Robert Riskin


Biography of Robert Riskin

Robert Riskin (March 30, 1897 – September 20, 1955) was an American screenwriter and playwright, best known for his collaborations with director-producer Frank Capra.

Riskin began his career as a playwright, writing for many local New York City playhouses. Two of his plays, Bless You, Sister and Many a Slip, managed to have successful runs on Broadway. He moved to Hollywood in 1931 after Columbia Pictures bought the screen rights to several of his plays. His first collaboration with director Frank Capra came in 1931 with the Barbara Stanwyck vehicle The Miracle Woman.

Although Riskin wrote a number of other films for Columbia, it was his string of hit ventures with Capra that brought him acclaim. Riskin received Academy Award nominations for his screenplays for the Capra films Lady for a Day (1933), Mr. Deeds Goes to Town (1936), You Can't Take It with You (1938), and Here Comes the Groom (1951). He was awarded the Oscar for his much-lauded screenplay for 1934's It Happened One Night.

By 1941, when Capra directed Riskin's Meet John Doe, the screenwriter had tired of Capra's knack for taking credit for Riskin's work. After several confrontations with the director while working on Meet John Doe, Riskin never willingly collaborated with Capra again. (According to Hollywood legend, he brandished a blank page in Capra's face and challenged: "Put the famous Capra touch on that!") In 1945, Riskin wrote the story for The Thin Man Goes Home and had an uncredited collaboration on the 1946 film noir classic The Strange Love of Martha Ivers. The following year, he wrote and produced the minor James Stewart hit Magic Town. Directed by William Wellman, Magic Town has a similar flavor and tone to Riskin's Capra-directed films.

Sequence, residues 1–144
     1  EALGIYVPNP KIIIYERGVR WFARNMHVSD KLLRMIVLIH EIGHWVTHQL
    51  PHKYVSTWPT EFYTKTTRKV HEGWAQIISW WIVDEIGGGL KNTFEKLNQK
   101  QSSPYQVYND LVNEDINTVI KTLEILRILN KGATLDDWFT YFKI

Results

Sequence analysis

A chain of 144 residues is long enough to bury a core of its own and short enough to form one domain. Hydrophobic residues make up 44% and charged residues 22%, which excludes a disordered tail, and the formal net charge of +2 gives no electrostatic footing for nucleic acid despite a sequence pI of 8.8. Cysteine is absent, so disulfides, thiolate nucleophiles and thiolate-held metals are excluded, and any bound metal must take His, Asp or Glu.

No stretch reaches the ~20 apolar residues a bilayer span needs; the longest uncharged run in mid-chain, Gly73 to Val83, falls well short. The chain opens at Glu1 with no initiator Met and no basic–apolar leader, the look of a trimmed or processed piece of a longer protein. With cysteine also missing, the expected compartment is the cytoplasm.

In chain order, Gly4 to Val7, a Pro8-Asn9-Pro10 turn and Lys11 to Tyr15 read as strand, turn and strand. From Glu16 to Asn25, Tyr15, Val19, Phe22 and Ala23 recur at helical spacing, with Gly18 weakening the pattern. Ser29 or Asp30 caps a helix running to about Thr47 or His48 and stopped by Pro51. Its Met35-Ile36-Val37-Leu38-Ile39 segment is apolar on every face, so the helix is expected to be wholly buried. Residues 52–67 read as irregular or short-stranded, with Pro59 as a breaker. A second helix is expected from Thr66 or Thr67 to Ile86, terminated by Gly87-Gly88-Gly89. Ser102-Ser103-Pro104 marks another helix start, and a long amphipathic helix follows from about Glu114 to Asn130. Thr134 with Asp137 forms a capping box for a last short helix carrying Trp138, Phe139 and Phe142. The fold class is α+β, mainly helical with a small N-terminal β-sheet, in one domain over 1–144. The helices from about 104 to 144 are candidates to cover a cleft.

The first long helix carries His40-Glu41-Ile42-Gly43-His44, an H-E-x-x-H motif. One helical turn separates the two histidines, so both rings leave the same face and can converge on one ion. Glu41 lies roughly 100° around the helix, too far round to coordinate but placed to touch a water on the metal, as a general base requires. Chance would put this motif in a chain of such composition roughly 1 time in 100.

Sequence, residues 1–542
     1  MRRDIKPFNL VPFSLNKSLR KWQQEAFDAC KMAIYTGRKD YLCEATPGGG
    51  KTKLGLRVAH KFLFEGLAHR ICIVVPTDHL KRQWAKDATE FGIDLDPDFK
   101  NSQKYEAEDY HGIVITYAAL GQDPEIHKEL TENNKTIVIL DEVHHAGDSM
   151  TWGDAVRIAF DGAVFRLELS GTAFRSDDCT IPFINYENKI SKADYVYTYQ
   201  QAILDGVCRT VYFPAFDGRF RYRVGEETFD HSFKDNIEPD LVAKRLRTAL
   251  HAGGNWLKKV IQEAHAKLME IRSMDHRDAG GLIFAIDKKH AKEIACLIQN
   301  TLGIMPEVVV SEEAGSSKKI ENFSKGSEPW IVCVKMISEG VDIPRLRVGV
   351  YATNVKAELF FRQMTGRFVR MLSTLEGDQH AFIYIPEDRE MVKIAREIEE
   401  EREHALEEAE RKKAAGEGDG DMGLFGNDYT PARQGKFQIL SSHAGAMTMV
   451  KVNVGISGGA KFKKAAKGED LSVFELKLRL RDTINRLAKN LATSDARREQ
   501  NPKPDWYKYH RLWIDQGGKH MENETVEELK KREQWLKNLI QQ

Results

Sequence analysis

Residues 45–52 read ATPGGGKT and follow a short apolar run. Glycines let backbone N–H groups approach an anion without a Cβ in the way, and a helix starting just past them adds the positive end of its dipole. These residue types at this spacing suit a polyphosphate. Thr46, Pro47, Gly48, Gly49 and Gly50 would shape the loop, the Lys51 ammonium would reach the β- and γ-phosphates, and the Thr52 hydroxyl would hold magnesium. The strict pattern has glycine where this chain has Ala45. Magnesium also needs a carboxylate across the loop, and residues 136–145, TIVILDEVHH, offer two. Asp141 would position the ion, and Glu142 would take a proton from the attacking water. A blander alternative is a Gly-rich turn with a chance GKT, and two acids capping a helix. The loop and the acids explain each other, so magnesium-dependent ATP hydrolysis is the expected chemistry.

Just prior to World War II, Riskin became an associate producer for Samuel Goldwyn, and in 1942 joined the Office of War Information (where he organized the OWI's overseas division).

Riskin directed only one film, When You're in Love, a minor musical starring Grace Moore and Cary Grant. Unsuccessful at the box office, When You're in Love is now remembered (if at all) for an unusual publicity stunt: silent film-star Louise Brooks was given a chance at a comeback by appearing as a chorus girl in this movie.

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